But some patterns emerged that warrant more study, explained primary author Victoria Sass, a graduate student in the Department of Sociology.

When the data are broken down by race and gender, black men and white women show the most significant correlation between air pollution and psychological distress: The level of distress among black men, for instance, in areas of high pollution, is 34 percent greater than that of white men, and 55 percent greater than that of Latino men. A noticeable trend among white women is the substantial increase in distress -- 39 percent -- as pollution levels rise from low to high.

Precisely why air pollution impacts mental health, especially among specific populations, was beyond the scope of the study, Sass said. But that's what makes further research important.

"Our society is segregated and stratified, which places an unnecessary burden on some groups," Sass said. "Even moderate levels can be detrimental to health."

Air pollution, however, is something that can be mitigated, Hajat said, and has been declining in the United States. It's a health problem with a clear, actionable solution. But it requires the political will to continue to regulate air quality, Sass added.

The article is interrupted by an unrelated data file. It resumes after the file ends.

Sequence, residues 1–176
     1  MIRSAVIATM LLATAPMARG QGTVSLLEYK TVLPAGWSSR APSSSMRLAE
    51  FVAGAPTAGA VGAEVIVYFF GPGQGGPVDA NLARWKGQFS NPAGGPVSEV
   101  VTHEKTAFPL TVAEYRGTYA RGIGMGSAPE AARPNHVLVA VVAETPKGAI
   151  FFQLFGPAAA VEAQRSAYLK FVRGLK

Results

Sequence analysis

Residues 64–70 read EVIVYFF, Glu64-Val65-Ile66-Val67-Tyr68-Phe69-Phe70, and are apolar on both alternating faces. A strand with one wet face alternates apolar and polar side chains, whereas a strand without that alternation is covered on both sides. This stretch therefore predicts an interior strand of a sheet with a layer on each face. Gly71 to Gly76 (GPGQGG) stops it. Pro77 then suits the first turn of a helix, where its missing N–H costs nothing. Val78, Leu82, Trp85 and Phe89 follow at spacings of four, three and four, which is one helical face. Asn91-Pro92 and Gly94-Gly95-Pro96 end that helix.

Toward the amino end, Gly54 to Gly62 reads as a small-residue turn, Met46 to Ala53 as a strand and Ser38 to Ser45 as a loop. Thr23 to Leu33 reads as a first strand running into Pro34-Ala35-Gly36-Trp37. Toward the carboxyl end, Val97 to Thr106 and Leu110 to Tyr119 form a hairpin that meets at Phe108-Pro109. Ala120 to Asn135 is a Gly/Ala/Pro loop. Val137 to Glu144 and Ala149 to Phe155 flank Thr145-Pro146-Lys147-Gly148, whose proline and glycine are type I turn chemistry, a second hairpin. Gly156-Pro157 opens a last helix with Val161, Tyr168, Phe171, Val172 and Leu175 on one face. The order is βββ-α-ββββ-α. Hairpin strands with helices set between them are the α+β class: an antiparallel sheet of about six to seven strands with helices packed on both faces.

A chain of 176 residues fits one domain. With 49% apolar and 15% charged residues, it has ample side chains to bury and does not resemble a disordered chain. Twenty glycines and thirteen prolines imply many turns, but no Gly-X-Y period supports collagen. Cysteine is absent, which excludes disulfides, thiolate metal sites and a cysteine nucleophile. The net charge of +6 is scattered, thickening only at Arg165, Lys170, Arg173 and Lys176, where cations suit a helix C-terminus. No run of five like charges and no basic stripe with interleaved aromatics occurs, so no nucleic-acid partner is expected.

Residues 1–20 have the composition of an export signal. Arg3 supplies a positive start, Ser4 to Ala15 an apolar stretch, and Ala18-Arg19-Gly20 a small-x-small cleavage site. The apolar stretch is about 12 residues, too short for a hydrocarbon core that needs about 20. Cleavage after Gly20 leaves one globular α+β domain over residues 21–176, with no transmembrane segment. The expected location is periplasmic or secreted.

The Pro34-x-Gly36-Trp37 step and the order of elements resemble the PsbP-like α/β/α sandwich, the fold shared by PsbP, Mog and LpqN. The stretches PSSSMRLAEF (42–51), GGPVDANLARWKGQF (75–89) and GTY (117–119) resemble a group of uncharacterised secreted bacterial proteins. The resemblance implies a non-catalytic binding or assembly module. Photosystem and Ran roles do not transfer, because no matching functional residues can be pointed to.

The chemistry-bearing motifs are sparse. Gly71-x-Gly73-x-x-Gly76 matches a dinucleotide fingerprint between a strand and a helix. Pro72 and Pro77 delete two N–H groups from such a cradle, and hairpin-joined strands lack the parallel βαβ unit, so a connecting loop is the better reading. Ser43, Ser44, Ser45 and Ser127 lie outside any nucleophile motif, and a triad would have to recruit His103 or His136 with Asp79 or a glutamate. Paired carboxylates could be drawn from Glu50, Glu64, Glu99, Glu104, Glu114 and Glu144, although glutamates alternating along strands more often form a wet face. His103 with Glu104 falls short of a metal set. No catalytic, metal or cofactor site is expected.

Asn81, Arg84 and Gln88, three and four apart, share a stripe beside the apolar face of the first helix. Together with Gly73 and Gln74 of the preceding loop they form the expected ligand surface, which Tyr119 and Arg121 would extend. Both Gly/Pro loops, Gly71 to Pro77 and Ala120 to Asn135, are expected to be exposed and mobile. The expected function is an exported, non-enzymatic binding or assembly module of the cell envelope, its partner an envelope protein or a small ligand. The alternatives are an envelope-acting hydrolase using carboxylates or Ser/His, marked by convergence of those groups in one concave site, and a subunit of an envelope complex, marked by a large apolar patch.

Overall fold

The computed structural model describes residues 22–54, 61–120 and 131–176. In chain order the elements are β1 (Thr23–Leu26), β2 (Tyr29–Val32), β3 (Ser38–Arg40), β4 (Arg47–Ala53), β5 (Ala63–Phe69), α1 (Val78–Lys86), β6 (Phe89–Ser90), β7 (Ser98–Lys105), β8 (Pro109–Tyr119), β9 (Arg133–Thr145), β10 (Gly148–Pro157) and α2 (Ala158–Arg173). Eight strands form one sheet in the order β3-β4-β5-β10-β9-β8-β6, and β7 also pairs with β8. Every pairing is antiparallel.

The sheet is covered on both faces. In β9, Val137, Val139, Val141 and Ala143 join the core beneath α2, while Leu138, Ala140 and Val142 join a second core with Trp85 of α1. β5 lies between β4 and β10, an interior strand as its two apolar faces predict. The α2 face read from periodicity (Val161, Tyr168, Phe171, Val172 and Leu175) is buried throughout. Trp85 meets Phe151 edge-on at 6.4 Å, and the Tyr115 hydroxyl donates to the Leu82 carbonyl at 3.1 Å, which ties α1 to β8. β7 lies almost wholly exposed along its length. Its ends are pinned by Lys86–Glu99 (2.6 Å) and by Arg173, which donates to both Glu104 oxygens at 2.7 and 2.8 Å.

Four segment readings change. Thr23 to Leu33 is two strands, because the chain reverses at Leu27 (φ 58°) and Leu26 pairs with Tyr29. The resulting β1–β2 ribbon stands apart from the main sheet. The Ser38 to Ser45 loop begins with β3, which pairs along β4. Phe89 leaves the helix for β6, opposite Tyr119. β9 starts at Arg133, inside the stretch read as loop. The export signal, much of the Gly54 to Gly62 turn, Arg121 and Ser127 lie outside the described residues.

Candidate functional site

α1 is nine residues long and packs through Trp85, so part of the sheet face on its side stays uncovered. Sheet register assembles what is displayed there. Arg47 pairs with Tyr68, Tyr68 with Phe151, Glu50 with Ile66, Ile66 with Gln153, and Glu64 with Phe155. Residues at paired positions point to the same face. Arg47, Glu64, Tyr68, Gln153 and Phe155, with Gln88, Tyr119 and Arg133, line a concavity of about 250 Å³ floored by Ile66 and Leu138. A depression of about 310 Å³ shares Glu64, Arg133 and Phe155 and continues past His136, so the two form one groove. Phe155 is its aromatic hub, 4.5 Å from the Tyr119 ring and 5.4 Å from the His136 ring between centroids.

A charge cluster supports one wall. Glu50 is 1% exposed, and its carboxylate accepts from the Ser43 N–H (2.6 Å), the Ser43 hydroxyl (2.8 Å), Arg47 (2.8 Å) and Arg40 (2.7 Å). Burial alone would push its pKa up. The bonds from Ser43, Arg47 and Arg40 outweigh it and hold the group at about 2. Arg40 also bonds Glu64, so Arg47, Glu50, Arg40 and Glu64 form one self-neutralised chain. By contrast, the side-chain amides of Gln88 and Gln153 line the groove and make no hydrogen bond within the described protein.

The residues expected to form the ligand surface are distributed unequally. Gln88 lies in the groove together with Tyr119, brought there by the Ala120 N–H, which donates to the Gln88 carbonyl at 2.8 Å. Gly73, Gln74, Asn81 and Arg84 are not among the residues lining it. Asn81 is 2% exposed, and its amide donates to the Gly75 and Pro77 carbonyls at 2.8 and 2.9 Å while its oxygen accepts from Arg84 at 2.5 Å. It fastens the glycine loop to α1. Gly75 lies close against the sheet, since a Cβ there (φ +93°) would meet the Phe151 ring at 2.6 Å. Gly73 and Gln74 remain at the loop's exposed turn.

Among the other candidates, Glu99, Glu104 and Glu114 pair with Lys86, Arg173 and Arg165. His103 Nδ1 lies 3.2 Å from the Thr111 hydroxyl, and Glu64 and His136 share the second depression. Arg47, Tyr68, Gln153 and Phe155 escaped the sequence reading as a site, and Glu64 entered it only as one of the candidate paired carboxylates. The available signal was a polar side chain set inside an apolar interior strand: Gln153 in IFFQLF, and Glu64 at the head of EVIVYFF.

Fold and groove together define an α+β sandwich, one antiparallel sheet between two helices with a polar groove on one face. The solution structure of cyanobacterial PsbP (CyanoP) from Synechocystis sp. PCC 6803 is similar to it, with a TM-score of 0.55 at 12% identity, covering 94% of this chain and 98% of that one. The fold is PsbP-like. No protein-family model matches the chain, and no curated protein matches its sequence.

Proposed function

"We shouldn't think of this as a problem that has been solved," she said. "There is a lot to be said for having federal guidelines that are rigorously enforced and continually updated. The ability of communities to have clean air will be impacted with more lax regulation."
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Other authors on the study were professor Kyle Crowder, and graduate student Steven Karceski, both of the UW Department of Sociology; Nicole Kravitz-Wirtz of the University of California, Davis School of Medicine; and David Takeuchi of the Boston College School of Social Work.

The study was funded by the Eunice Kennedy Shriver National Institute of Child Health and Human Development and supported by UW's Center for Studies in Demography and Ecology.

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For more information, contact Sass at vsass@uw.edu.

Grant numbers: R01 HD078501, R24 HD042828, ROO ES023498

University of Washington